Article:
How did the Catholic Church respond?

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After the Nazis came to power in Germany, they signed an agreement (Concordat) with the Catholic Church whereby the Vatican would accept the Nazi government in return for the Nazis not interfering with the Catholic Church.

In 1939 Eugenio Pacelli was elected Pope Pius XII. As head of the Catholic Church during the war years, he signed the Concordat with Nazi Germany. The Catholic Church, as an organisation, did not protest against any of the anti-Jewish policies of the Nazi state.

The Pope believed that primarily it was his duty to save and look after Catholics. Nevertheless, in 1939, he did obtain 3,000 visas to Brazil for Jews who had been baptised In the belief that these people were now Christian. But the Nazis defined Jews racially, even though they had converted, and believed they were still Jews.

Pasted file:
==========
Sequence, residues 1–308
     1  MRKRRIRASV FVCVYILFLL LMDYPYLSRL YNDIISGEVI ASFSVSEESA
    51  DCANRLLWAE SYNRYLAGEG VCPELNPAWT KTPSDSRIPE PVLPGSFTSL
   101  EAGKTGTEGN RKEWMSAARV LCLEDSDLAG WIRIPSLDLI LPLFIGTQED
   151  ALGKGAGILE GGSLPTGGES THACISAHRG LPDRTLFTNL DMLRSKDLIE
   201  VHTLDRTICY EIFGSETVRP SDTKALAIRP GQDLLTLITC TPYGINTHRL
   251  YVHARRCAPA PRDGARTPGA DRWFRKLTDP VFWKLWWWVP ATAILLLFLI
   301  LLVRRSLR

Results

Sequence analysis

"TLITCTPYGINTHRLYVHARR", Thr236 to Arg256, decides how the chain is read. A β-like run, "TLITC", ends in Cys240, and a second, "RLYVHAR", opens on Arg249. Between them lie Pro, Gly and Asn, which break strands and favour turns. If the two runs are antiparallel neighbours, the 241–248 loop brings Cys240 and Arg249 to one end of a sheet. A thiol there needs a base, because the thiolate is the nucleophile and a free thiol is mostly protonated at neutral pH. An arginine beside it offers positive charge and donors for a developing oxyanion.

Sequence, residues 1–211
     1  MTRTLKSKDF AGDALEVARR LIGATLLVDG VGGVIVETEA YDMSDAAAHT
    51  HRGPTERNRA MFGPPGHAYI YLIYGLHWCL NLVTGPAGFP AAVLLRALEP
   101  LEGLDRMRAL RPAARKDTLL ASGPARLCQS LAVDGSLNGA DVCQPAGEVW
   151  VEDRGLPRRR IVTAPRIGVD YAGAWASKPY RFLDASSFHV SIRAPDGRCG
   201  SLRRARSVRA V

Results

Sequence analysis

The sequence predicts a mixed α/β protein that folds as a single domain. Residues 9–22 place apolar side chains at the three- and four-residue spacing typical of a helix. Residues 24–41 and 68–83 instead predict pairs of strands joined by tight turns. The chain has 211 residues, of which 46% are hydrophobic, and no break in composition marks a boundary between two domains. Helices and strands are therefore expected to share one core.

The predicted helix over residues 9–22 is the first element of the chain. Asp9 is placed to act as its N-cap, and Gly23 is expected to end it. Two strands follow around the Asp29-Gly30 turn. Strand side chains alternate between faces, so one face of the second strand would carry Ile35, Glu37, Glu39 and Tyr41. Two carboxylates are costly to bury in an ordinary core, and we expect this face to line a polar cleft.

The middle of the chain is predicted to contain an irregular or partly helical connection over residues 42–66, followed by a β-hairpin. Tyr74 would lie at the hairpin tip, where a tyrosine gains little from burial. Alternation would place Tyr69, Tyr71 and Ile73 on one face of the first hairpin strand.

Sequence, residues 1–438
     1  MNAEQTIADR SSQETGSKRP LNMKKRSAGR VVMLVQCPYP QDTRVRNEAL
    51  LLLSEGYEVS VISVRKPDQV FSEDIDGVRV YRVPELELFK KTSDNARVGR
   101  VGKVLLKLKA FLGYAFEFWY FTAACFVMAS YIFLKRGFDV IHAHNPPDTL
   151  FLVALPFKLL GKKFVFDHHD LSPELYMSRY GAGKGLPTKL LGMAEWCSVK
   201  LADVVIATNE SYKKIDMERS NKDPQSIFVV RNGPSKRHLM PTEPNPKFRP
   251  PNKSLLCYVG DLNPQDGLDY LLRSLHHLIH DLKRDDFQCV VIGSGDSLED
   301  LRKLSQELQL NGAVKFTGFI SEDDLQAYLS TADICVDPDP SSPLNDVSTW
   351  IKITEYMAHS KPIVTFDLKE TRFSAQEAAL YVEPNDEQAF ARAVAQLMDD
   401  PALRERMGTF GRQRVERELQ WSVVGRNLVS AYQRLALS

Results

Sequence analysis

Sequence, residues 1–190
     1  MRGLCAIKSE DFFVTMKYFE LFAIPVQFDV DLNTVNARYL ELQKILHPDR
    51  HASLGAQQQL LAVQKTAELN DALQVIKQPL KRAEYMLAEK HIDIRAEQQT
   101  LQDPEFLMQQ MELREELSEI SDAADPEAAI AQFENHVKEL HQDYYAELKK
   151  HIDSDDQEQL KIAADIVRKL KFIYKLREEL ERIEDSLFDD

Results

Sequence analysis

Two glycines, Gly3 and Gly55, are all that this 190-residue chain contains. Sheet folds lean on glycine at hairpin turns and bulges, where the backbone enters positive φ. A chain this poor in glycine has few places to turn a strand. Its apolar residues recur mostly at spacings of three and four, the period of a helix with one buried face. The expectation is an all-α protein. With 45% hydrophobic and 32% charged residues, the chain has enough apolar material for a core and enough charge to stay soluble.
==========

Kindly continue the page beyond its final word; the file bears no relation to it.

The Vatican knew of the murder of the Jews very early on, as they had religious representatives in all of the occupied countries. Certain individual priests saved Jews but the Church, as an official body, did nothing significant to save the Jews of Europe.